This was a libel of information under the Act of Congress of 3 March, 1819, c. 75, entitled, "An act to protect the commerce of the United States and punish the crime of piracy," continued in force by the Act of 15 May, 1820, c. 112. The libel was filed by the district attorney, as well in behalf of the United States as of the captors, and alleged that the brig Palmyra, alias the Panchita, was a vessel from which a piratical aggression, search, depredation, restraint, and seizure had been attempted and made upon the high seas in and upon the schooner Coquette, a vessel of the United States, and of the citizens thereof, and in and upon the master, officers, and crew of the said schooner Coquette, citizens of the United States, and in and upon the Jeune Eugenie, a vessel of the United States and of the citizens thereof and in and upon Edward L. Coffin, the master, and the officers and crew of the said vessel, being citizens of the United States, and also in and upon other vessels of the United States, their officers and crews, citizens of the United States, and in and upon other vessels of various nations, states, and kingdoms, their officers and crews, citizens and subjects of the said states and kingdoms. The vessel in question was an armed vessel, ostensibly cruising as a privateer under a commission from the King of Spain, and was captured on the high seas on 15 August, 1822, by the United States vessel of war the Grampus, commanded by Lieutenant Gregory, after a short resistance, and receiving a fire from the Grampus by which one man was killed and six men were wounded. The captured vessel was sent into the port of Charleston, South Carolina, for adjudication. A libel was filed and a claim interposed, and upon the proceedings in the district court a decree was pronounced restoring the brig to the claimants without damages for the capture, injury, or detention. From this sentence an appeal was interposed by both parties to the circuit court, and upon the hearing in that court a decree was pronounced affirming so much of the decree as acquitted the brig and reversing so much of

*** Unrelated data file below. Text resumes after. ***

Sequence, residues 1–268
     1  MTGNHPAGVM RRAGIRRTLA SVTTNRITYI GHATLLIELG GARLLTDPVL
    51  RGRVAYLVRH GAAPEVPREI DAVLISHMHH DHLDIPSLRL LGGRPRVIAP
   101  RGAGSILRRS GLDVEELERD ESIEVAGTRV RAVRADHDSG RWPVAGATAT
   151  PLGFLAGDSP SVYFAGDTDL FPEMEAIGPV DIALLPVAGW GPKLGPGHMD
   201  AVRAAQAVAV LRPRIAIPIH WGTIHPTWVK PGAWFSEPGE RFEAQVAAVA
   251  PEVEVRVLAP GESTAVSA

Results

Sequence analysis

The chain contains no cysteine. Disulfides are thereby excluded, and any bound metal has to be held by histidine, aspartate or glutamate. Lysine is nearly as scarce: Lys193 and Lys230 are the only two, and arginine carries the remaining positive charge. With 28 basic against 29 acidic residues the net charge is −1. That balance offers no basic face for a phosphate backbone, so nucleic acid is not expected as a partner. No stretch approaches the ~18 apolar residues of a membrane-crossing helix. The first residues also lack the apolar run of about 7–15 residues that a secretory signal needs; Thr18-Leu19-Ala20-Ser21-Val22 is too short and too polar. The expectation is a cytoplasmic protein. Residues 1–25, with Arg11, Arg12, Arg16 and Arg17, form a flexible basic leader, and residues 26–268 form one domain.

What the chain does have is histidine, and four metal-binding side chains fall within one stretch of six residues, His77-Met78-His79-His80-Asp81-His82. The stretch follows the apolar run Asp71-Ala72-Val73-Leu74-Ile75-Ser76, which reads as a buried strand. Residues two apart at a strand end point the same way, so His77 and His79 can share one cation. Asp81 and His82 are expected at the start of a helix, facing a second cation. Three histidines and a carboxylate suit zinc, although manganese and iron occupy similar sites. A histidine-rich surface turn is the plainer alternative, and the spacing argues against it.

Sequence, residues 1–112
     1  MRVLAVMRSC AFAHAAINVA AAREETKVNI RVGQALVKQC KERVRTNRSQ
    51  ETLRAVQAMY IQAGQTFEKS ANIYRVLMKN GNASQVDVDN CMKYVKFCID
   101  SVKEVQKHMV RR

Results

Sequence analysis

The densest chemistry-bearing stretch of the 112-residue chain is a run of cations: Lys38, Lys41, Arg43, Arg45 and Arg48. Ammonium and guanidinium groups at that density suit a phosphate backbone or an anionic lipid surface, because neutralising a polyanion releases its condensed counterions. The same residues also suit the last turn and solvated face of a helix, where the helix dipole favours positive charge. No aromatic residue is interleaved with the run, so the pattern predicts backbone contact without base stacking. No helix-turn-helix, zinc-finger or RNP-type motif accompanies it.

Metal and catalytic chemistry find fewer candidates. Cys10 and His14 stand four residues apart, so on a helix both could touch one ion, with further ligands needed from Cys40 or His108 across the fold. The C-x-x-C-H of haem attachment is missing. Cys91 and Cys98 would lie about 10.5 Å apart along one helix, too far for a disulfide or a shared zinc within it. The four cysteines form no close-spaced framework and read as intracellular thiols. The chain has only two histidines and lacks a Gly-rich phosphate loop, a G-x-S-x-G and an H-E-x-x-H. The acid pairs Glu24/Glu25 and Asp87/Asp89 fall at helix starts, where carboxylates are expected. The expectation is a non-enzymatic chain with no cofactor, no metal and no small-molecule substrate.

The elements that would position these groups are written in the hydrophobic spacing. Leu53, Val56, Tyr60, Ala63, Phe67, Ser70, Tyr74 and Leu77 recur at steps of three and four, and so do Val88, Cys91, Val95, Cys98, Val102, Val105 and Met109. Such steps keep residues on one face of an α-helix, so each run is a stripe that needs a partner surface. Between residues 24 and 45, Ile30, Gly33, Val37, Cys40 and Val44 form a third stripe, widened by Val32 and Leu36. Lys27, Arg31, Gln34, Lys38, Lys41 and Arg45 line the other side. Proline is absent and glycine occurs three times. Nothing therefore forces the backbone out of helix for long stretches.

it as denied damages; and the circuit court proceeded finally to award damages to the amount of $10,288.58. From this decree an appeal was interposed in behalf of the United States and the captors to the Supreme Court. The cause coming on to be heard in this Court at February term, 1825, it not appearing that there had been any final decree in the circuit court ascertaining the amount of damages, the cause was dismissed. * But at the last term, it being discovered that in point of fact there had been a final award of damages, which was omitted by mistake in the transcript of the record certified by the Clerk of the court below, this Court, on motion of the appellants, ordered the cause to be reinstated.